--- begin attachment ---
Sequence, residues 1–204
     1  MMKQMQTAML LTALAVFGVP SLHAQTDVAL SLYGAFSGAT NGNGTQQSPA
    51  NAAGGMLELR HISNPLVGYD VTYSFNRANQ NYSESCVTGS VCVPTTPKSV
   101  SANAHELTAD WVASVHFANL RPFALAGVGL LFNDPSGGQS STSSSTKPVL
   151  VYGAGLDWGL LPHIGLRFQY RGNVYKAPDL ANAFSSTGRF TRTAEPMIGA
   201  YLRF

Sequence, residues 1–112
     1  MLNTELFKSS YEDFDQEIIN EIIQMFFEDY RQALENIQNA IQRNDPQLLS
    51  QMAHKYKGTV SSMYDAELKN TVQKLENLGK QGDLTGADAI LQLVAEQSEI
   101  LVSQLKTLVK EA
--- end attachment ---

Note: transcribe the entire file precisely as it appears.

Sequence, residues 1–204
     1  MMKQMQTAML LTALAVFGVP SLHAQTDVAL SLYGAFSGAT NGNGTQQSPA
    51  NAAGGMLELR HISNPLVGYD VTYSFNRANQ NYSESCVTGS VCVPTTPKSV
   101  SANAHELTAD WVASVHFANL RPFALAGVGL LFNDPSGGQS STSSSTKPVL
   151  VYGAGLDWGL LPHIGLRFQY RGNVYKAPDL ANAFSSTGRF TRTAEPMIGA
   201  YLRF

Sequence, residues 1–112
     1  MLNTELFKSS YEDFDQEIIN EIIQMFFEDY RQALENIQNA IQRNDPQLLS
    51  QMAHKYKGTV SSMYDAELKN TVQKLENLGK QGDLTGADAI LQLVAEQSEI
   101  LVSQLKTLVK EA